Decision against condo developer important for consumers


Audrey Loeb Head Shot

A developer, who was found by the Ontario Superior Court to be behaving “unreasonably” in rejecting mortgage commitments for purchasers and then relying on that refusal to terminate their contracts and forfeiting their deposits, had no right to terminate the agreements, Toronto condominium lawyer Audrey Loeb tells The Globe and Mail.

The developer was trying to arrange for all the purchasers with whom it had agreements of purchase and sale to take their deposits back and walk away from their condominium purchases. The plaintiffs refused to accept the return of their deposit, maintaining that the developer had no right to cancel the project, the article states.

The Globe reports that the developer had acted in bad faith when it refused to accept the mortgage commitment papers delivered by the purchaser. This decision adds to the new precedents from the Ontario courts that could help tilt the balance of power toward new-home buyers and away from developers.

Justice Katherine Swinton found the buyers were not in default of an agreement to purchase a condo for $444,900 and that the developer failed to act in good faith when it claimed it could keep their $55,624 deposit, the Globe reports.

“Their money, plus interest, has been ordered to be returned, and the parties were ordered to discuss whether a settlement on further damages could be reached,” the article states.

The dispute started in January 2018, when the developer demanded proof of a “binding and unconditional mortgage commitment” in order to satisfy itself the couple could afford the two-bedroom townhouse they agreed to buy in 2016, the article states.

The couple reportedly provided mortgage commitments, income statements and other financial information at least six times, all of which were rejected by the developer, the article continues.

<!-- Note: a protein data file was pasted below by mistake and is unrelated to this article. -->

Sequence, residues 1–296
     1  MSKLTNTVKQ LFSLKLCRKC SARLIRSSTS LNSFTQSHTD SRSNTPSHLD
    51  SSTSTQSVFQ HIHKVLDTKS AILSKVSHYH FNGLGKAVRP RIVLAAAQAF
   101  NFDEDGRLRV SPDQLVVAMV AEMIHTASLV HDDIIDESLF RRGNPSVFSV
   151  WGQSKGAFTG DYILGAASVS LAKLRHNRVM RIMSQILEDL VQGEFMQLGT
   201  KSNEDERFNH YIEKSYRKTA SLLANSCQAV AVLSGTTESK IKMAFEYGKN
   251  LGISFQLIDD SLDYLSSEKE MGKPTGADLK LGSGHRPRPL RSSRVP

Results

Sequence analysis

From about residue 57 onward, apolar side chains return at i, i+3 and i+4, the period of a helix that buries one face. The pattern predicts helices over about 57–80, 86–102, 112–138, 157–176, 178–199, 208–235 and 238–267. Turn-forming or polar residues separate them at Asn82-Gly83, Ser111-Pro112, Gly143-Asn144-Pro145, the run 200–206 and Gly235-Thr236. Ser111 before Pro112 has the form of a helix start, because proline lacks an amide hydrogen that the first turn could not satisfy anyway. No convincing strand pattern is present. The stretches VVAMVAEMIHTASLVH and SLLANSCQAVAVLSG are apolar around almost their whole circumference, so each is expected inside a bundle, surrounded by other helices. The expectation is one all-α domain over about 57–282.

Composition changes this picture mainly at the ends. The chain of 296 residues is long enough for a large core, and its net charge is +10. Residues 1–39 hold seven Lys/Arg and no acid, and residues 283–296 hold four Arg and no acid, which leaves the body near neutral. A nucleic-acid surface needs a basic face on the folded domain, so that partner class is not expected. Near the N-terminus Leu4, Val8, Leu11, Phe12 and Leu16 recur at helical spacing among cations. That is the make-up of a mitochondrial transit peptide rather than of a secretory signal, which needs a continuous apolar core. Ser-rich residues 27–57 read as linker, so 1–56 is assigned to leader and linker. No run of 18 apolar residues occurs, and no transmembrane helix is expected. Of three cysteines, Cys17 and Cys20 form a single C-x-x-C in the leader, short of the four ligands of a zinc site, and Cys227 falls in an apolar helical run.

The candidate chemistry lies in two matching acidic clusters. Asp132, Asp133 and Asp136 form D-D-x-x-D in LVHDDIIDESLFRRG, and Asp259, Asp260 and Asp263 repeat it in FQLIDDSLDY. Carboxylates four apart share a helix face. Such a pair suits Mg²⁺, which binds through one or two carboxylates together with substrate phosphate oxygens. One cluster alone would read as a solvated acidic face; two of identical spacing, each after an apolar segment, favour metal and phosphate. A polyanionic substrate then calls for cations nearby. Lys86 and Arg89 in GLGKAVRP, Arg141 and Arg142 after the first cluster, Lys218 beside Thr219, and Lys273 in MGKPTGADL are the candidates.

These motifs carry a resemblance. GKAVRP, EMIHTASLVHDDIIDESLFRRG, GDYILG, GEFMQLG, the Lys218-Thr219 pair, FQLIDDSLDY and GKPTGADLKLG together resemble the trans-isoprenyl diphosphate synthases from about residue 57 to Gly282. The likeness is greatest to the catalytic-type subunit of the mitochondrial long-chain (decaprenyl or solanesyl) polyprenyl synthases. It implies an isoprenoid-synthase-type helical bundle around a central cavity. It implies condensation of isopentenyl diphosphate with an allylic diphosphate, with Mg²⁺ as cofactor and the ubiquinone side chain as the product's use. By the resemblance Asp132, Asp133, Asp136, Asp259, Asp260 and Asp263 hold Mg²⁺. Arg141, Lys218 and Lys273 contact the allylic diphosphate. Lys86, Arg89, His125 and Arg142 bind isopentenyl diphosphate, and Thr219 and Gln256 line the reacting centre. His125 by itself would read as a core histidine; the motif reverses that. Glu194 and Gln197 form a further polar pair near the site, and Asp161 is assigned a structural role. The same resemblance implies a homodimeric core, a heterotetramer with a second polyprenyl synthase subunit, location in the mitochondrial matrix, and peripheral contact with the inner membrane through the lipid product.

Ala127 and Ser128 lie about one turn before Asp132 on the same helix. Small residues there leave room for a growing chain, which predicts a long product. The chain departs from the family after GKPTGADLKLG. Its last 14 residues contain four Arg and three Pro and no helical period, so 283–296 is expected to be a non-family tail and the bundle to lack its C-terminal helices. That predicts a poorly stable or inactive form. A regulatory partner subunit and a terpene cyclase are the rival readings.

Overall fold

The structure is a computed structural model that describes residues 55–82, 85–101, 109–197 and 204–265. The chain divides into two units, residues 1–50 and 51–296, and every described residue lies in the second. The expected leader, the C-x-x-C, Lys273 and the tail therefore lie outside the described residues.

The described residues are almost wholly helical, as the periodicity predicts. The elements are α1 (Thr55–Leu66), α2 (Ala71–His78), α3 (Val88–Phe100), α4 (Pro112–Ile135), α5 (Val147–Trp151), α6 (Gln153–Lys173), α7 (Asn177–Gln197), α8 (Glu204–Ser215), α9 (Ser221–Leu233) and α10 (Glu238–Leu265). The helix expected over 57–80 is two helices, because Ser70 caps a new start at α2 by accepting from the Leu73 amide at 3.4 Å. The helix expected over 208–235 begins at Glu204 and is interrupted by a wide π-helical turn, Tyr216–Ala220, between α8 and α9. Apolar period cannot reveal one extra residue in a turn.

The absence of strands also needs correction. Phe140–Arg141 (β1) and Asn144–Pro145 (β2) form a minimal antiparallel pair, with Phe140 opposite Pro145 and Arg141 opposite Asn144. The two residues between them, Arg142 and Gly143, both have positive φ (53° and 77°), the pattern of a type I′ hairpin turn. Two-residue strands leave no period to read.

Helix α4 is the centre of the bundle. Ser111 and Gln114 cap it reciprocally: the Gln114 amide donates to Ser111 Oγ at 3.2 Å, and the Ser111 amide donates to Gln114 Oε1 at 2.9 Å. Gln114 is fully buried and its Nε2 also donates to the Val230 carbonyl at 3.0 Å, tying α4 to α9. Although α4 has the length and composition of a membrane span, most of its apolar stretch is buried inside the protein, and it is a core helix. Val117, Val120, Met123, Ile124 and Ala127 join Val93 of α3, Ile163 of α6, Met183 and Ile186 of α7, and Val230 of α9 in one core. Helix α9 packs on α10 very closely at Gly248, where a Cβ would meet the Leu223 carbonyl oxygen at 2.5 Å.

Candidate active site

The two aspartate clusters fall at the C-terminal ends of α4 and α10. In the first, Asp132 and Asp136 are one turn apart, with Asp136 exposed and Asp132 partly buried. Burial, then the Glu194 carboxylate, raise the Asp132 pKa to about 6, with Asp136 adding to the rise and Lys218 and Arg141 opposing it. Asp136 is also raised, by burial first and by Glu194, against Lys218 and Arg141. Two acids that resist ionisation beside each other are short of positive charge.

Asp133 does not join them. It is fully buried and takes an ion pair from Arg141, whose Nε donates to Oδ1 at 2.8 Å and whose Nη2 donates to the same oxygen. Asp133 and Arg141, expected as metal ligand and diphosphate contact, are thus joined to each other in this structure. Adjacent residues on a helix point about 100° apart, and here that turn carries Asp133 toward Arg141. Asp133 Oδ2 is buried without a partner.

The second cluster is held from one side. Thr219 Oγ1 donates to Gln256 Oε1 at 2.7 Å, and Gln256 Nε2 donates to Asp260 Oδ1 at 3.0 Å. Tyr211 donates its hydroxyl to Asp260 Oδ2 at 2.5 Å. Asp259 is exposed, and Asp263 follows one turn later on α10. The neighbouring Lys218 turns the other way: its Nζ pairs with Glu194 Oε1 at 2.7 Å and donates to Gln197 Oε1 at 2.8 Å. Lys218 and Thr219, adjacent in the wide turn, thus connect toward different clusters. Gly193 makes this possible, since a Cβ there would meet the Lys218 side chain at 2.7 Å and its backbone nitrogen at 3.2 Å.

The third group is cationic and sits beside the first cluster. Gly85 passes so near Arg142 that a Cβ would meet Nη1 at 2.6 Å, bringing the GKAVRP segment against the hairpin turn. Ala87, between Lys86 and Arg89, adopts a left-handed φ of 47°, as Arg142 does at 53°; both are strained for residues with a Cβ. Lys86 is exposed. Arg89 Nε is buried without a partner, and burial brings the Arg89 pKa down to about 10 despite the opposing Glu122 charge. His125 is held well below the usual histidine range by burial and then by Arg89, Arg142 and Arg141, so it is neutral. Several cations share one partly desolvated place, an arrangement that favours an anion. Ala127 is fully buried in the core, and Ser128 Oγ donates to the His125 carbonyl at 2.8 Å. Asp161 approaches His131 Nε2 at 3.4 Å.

During the trial, the developer claimed that 96 of 116 buyers had failed to qualify for financing and that he no longer intended to build a condo project and was planning a rental project instead, the Globe reports.

“They had no right to terminate the agreements [under Tarion Home Warranty program] for a decision to change the use,” Loeb tells the publication.

In an interview with, she says, "They relied on their industry experience that purchasers cannot afford a fight and will just walk away as in this instance all but one did."

It seems like the developer needed to be able to find the purchasers in default of their contractual obligations, rather than cancel the building, says Loeb, partner with Shibley Righton LLP, who has long advocated for greater protection for Ontario purchasers. She has urged the province to enshrine an obligation of “good faith” on developers in their contract and disclosure obligations.

“They had no right to cancel except for being unable to secure financing,” she adds.

"The courts are making decisions, which demonstrate that the pendulum is swinging a bit more towards the consumer. The courts are imposing obligations on developers that should really come from the Condominium Act but the government has never been prepared to take that additional step," Loeb says.

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